Omega is a Flemish sour beer that uses a blond ale instead of the traditional brown ale in the blend. Alvinne bills itself as a craft brewery in Belgium and it shows in its varied line up of beers. This beer has a fantastic winey and biscuity aroma that hints at the complexity of the flavor. There’s no doubt that this is a sour from the first sip. Starting out strong, the sourness mellows to become fruity right before the sweetness of the malt kicks in. I found the journey from sour to almost sweet made this beer really stand out.

Vanderghinste Brewery Oud BruinVanderghinste Brewery Oud Bruin (5.5 percent ABV)
This Flemish brown ale is a sour is made in the Flanders tradition. Originally called “Ouden Tripel,” Vanderghinste gave Oud Bruin a makeover, including a rename, and found success. Oud Bruin is a brown ale that is blended with an oak-aged lambic to create the Flemish sour brown ale. The aroma is of prune and cinnamon apple. The flavor derives from the lambic and from the yeast — tart stone fruit that sweetens in the finish. This traditional sour was actually the least sour of the group. I enjoyed it immensely as a drinkable sour ale. This approachability and the trend toward sours has made the demand for Vanderghinste’s Oud Bruin so great that the brewery has announced plans to expand.

What are you drinking? Cheers!

The views and opinions expressed in the column are those of the author and do not necessarily reflect the views of ARLnow.com.

by Ethan Rothstein — April 2, 2015 at 10:00 am 4,002 0

Courthaus Social logo from Facebook

(Updated on 4/10/15) Velocity 5 in Courthouse has been closed for weeks, but this month it will be reborn as Courthaus Social.

The “American beer garden” concept at the sports bar space at 2300 Clarendon Blvd has been in the works for years, but owners Fito Garcia and Nema Sayadian are completing the final buildout now, preparing to open by the end of April.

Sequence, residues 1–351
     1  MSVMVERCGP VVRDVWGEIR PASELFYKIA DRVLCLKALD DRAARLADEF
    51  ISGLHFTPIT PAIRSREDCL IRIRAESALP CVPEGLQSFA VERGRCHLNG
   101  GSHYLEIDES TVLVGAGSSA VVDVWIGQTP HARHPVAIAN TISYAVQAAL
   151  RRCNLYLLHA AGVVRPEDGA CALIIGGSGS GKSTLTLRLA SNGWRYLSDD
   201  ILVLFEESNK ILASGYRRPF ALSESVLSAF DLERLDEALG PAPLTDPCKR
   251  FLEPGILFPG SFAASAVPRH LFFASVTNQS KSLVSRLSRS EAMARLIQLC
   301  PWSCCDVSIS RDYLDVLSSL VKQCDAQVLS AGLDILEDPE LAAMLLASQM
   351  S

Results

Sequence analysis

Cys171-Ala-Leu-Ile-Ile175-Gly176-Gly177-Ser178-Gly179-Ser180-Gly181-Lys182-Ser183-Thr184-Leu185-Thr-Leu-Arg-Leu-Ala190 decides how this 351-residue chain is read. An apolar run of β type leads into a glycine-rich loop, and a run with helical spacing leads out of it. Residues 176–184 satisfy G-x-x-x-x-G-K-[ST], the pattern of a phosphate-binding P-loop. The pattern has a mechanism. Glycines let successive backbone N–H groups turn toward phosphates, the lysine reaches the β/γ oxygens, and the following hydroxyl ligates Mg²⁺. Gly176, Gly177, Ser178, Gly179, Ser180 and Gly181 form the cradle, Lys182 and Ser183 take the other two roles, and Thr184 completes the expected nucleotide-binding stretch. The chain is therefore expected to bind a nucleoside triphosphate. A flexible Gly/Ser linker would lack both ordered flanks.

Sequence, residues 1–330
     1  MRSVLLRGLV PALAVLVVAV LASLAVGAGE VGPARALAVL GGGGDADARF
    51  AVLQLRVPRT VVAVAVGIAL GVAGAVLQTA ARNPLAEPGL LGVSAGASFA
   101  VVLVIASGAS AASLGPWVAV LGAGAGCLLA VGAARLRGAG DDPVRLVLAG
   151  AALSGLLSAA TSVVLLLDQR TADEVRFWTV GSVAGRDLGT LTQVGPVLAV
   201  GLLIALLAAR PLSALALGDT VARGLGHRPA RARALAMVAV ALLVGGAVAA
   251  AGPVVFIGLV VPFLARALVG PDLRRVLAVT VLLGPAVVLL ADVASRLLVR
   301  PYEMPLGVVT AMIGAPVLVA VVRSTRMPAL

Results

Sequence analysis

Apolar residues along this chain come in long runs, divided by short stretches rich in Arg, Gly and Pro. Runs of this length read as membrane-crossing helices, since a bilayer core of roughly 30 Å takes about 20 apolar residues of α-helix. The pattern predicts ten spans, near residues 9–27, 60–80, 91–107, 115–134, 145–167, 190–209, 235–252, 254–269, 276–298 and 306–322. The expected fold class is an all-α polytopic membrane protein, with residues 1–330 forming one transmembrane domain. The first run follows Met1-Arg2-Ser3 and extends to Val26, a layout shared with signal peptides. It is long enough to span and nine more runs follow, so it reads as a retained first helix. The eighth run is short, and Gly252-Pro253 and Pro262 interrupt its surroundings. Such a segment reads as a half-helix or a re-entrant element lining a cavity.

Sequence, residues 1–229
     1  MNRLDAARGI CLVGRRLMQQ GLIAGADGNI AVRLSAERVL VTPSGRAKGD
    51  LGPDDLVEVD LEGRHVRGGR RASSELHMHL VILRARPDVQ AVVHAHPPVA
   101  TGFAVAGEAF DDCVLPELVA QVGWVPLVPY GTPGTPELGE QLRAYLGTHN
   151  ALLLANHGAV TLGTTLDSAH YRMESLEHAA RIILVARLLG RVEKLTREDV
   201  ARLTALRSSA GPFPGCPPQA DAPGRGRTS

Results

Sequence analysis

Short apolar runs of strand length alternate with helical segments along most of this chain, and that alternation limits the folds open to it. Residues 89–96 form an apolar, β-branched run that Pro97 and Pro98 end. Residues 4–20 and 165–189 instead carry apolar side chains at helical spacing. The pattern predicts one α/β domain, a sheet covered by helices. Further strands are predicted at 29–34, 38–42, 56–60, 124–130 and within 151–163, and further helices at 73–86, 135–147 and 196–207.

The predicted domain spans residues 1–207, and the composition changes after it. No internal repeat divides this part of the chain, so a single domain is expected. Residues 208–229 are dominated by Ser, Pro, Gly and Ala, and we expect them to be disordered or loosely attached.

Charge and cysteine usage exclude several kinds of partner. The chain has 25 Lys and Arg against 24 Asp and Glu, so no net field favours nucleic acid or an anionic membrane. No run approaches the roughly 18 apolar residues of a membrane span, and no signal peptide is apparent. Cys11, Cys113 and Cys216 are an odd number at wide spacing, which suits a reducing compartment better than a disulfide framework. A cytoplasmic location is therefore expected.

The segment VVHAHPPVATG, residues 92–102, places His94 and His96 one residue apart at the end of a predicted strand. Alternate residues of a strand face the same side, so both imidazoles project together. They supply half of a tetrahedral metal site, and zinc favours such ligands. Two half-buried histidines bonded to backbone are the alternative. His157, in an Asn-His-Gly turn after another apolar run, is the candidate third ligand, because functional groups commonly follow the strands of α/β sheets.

“Courthaus Social is the perfect spot for a happy hour, a pit stop en route to the city or a final destination to spend an entire evening,” Garcia said in a press release. “Our beer garden is dedicated to remaining an establishment that delivers unforgettable experiences to every guest. Whether you live in Arlington or are here for a few days… Grab a boot and sip, savor, and share in the spirit of beer and great food.”

Velocity 5 in CourthouseThe opening has been pushed back from its original April 13 date, but the owners hope that by the end of the month Courthaus Social will be ready to go, serving two-liter boots and steins of 30 beers on tap, with long benches for social seating.

Sayadian told ARLnow.com that the interior will look wildly different from the Velocity 5 the area has come to know.

“It’s night and day, a 180-degree difference,” he said.

Garcia said the beer garden will have “life-size games” and will be community-focused, focusing on Virginia breweries and “humanely raised, free range” meats. It will be open from 11:00 a.m. to 2:00 a.m. daily.

Photo (top) via Facebook

by Ethan Rothstein — March 25, 2015 at 10:00 am 4,609 0

(Updated at 10:40 a.m.) Julie Drews and Beth Helle have lived in Arlington for a decade, and they grew so tired of not having a specialty craft beer store in their neighborhood that they decided to open one themselves.

They have leased space at 2004 Wilson Blvd, in the new 2001 Clarendon apartments, to open The Brew Shop, which will sell craft beer, homebrewing supplies, wine and locally roasted coffee beans.